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Palestinians mark Nakba Day with slingshots, despite calls for calm

Nakba Day, translated to 'catastrophe day,' marks the day the state of Israel was created and hundreds of thousands of Palestinians were displaced.

A masked Palestinian kicks a burning tire towards Israeli troops, not seen, during clashes outside the Ofer military prison, near the West Bank city of Ramallah, Tuesday, during the 64th anniversary of 'Nakba,' Arabic for catastrophe, the term used to mark the events leading to Israel's founding in 1948.

Majdi Mohammed/AP

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Palestinian protesters marking Nakba Day clashed with Israeli soldiers in the West Bank today injuring at least 70, despite attempts from Palestinian leaders to avoid violence and a recent deal with Israel to end a prison hunger strike.

Nakba or “catastrophe,” marks the day the state of Israel was created and caused the exile of hundreds of thousands of Palestinians, most of whom remain refugees in countries such as Lebanon, Syria, and Jordan.

Many analysts expected calm today, as a result of last night’s deal, in which most of some 2,000 Palestinians on hunger strike in Israeli jails quit their fasts, in exchange for concessions from the Israeli prison service to improve jail conditions.

But instead, clashes erupted between Palestinian youth and Israeli soldiers near the prison, highlighting anger among some who felt the deal was too weak and should have released more prisoners. While the deal moved many prisoners out of isolation and will allow family visits for prisoners from Gaza, there was no commitment from Israel to end the practice of holding Palestinians without charge.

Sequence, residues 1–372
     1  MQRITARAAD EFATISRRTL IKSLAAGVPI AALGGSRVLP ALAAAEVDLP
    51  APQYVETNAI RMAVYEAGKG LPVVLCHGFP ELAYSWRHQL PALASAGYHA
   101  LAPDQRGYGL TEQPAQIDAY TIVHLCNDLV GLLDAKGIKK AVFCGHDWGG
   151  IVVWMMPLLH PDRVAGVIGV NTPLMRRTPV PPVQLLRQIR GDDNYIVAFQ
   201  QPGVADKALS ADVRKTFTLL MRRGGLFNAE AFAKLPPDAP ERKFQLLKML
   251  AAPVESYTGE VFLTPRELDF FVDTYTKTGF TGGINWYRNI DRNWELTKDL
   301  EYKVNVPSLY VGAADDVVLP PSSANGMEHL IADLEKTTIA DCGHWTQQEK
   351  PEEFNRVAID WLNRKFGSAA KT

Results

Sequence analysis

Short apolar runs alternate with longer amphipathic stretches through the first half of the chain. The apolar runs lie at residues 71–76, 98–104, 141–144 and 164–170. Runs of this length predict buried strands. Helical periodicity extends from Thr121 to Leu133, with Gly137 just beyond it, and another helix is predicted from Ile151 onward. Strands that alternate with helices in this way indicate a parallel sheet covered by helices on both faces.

“My son Rami is in there,” says Rizek Fadayel, a refugee who fled from Jaffa in modern day Israel and lives in Ramallah in the occupied West Bank, pointing behind him toward the prison complex. “He was given six months, but maybe they will give him six more.”

Hoping to avoid confrontation, the Palestinian Authority (PA) organized Nakba events in the center of Ramallah, far from flash points with Israel. On a large stage in the recently renamed Yasser Arafat Square, musicians performed for a crowd of flag-waving Palestinians, some hoisting each other on their shoulders. 


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